Predicting the future is a tricky thing, and while a great deal of effort and expense has gone into hiring a generation of “superforecasters”, the year just passed has taught all of us that what we expect and what we get can be two radically different things. We can’t predict the future with the degree of specificity that some people like to believe, so does that mean we can just do away with predicting altogether? Well, no. In business, some degree of foresight is indispensable, as budgets need to be set and materials need to be bought.
So when it comes to a business sector such as construction, we simply can’t say where projects will be completed and when with any degree of certainty, but we can look at trends and developments and have a decent idea as to how the industry will change throughout the year. These predictions are still somewhat subject to what the universe chooses to throw at us over the next several months, but we can be sure to see focus on the following considerations…
Of course safety is always a concern and a consideration in the building sector. With machinery, heavy-duty materials and heights all to be taken into account, there is no doubt that it remains the top priority. It is even more so now in the era of Covid, because we need to be extremely sensitive to the possibility of transmission when people are working close together. This will mean that smaller crews can be expected on sites, with shift patterns modified to ensure that work doesn’t slow down too much. It also means that the sharing of tools and PPE, previously a common phenomenon, needs to stop completely.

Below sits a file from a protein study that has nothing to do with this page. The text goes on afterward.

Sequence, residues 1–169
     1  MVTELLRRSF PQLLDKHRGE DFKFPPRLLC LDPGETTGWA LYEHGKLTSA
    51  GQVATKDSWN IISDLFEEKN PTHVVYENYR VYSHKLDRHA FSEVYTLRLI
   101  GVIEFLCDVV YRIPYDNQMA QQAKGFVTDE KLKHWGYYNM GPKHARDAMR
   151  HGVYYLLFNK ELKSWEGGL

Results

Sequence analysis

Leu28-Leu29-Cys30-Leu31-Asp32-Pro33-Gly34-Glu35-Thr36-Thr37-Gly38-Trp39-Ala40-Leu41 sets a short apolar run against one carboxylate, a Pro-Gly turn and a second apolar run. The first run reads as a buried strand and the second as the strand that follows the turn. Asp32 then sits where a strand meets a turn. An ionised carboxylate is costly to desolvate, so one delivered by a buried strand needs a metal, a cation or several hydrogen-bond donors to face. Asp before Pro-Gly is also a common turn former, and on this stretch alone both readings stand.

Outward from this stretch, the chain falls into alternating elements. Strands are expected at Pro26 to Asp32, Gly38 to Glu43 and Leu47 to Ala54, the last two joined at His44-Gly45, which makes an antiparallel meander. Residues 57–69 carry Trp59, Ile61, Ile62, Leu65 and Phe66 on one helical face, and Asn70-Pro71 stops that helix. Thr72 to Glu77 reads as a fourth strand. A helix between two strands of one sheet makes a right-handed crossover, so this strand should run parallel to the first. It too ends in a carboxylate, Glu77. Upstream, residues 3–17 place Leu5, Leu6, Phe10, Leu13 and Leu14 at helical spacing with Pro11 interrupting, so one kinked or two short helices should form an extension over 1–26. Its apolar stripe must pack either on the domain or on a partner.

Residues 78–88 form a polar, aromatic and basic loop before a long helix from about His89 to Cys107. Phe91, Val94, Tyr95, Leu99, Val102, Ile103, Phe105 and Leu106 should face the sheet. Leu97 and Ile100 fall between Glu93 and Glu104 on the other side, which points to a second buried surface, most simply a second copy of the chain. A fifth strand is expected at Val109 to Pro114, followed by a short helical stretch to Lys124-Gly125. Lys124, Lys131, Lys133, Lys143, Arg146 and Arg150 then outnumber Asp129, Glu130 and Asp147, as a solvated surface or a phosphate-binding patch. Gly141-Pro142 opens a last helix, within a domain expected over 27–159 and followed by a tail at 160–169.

While we are still some way from being able to leave construction in the hands of automated machines, there is no doubt that technology is helping us keep building sites ticking over. You can’t send a robot or a drone to drive a forklift or enrol it in a safety course with Kallibr to brush up on best practices, but you can use the same technology to better monitor a site for hazards and figure out when more materials need to be ordered. In addition, 3D printing is proving to be a huge benefit – anything from tools to bricks to, in some cases, entire houses are being produced using this form of technology.
Residential over commercial, for now
Most new projects breaking ground this year, and perhaps for the immediate future, will be dedicated to creating homes rather than workplaces. This is hardly surprising: in 2019 few of us gave any thought to the idea of “social distancing”; now, it would be a dereliction of duty to ignore it, so new residential builds are going to have to be reimagined. We also don’t know to what extent working from home will become the norm, so expensive commercial premises are looking like a needless extravagance to many business owners. If you’re looking to get into construction, aim for houses over offices as a priority going forward.